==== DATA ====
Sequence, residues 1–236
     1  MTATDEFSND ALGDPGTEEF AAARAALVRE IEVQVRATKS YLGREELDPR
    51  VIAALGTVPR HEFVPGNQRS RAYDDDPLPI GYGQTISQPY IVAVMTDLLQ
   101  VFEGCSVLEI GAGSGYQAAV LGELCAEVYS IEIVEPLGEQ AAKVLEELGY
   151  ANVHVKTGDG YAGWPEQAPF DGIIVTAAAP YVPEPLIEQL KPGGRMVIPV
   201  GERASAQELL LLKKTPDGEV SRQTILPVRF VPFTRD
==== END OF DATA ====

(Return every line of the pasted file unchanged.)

Sequence, residues 1–236
     1  MTATDEFSND ALGDPGTEEF AAARAALVRE IEVQVRATKS YLGREELDPR
    51  VIAALGTVPR HEFVPGNQRS RAYDDDPLPI GYGQTISQPY IVAVMTDLLQ
   101  VFEGCSVLEI GAGSGYQAAV LGELCAEVYS IEIVEPLGEQ AAKVLEELGY
   151  ANVHVKTGDG YAGWPEQAPF DGIIVTAAAP YVPEPLIEQL KPGGRMVIPV
   201  GERASAQELL LLKKTPDGEV SRQTILPVRF VPFTRD